By Dan Arel
In the wake of the success of the “Cosmos” television series, which picked up four Emmy Awards earlier this week, Neil deGrasse Tyson discussed politics, religion and science in a recent interview with AlterNet.
When I asked if the success of “Cosmos” had surprised him, Tyson said he had not anticipated the kind of coverage the show would get by entertainment sites and blogs. Because of the show’s major network backing and primetime slot, he said, it was covered like any other television show. He said this forced many entertainment writers to write about all sorts of science topics not often covered in these publications, exposing the show to a new and possibly unintended audience.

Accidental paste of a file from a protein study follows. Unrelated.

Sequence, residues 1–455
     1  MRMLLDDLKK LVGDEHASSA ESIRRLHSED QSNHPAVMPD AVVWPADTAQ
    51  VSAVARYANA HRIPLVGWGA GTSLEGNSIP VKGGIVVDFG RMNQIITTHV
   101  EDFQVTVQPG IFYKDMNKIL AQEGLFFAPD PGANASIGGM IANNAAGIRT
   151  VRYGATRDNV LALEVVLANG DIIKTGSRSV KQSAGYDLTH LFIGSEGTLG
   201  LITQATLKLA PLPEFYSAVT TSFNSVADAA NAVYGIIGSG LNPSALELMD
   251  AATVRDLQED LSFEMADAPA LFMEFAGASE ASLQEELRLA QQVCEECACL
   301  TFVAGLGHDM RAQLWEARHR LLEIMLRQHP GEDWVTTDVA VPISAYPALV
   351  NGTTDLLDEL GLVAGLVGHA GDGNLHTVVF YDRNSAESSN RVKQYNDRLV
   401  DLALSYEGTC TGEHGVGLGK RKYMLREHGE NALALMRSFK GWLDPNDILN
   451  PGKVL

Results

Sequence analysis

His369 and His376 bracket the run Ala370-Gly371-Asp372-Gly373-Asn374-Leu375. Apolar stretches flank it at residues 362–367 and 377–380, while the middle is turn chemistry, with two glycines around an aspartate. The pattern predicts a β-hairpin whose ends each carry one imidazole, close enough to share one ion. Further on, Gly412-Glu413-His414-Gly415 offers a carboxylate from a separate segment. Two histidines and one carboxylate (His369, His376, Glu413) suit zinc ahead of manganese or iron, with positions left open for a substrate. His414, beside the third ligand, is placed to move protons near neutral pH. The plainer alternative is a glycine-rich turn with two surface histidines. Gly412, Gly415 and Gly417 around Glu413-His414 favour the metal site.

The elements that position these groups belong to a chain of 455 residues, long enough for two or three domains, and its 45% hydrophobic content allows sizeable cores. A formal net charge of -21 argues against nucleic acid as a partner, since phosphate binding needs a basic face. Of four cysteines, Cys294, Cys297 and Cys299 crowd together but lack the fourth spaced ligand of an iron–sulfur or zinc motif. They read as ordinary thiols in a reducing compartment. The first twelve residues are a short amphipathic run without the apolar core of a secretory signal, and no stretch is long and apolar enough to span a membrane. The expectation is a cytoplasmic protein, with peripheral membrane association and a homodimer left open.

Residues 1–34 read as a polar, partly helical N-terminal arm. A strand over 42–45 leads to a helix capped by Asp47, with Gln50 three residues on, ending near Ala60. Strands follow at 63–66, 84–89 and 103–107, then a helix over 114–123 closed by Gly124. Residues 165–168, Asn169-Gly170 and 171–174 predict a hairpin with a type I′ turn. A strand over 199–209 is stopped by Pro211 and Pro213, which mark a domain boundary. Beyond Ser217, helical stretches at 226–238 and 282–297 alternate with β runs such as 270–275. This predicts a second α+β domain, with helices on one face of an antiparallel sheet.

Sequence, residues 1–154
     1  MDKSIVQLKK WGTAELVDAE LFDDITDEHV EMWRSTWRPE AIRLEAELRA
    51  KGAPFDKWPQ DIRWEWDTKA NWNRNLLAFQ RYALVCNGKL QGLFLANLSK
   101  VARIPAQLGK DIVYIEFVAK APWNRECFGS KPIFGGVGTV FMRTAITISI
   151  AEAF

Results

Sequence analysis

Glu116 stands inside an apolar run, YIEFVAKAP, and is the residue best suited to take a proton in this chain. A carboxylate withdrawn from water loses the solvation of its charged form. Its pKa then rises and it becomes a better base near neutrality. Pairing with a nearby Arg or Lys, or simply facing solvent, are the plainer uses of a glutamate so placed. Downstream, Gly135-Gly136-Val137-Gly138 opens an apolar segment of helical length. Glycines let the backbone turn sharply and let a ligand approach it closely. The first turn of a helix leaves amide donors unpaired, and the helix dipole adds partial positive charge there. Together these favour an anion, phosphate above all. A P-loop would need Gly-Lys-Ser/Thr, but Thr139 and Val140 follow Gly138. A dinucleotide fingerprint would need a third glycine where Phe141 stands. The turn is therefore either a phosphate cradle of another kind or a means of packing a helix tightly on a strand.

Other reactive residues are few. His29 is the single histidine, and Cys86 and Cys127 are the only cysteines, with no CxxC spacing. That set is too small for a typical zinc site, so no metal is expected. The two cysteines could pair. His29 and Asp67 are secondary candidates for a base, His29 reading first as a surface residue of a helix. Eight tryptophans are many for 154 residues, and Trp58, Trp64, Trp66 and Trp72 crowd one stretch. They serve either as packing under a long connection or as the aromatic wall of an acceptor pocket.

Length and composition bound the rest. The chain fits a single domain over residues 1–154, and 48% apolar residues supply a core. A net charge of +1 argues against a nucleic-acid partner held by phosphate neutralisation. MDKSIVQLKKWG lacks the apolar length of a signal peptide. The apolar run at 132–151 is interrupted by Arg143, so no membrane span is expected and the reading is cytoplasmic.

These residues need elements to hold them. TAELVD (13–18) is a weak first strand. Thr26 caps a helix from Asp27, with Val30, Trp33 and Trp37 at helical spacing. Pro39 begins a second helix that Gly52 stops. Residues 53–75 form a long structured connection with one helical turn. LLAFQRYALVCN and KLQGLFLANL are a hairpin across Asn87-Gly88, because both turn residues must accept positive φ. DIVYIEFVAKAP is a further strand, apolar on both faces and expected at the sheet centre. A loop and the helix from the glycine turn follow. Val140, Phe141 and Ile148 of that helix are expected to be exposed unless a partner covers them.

Tyson was not as shocked by the backlash the show garnered from certain religious and political groups, mainly creationists who took issue with Tyson’s insistence on discussing evolution, the Big Bang theory and the history of scientific discovery. Their criticism of the show did not bother Tyson at all. “You have to ask yourself, what are the numbers behind the people making these claims? Someone like Ken Ham [owner of the Creation Museum] has beliefs that are even crazy to many Christians.”
Ken Ham’s criticisms came in the form of a weekly review on his website Answers in Genesis, a creationist organization. Ham’s comments gained some attention from the media and were often answered by science writers all over the Internet.
But Tyson wondered how Ham was even able to get anyone’s attention. He speculated it had something to do with Ham’s debate with Bill Nye, the Science Guy.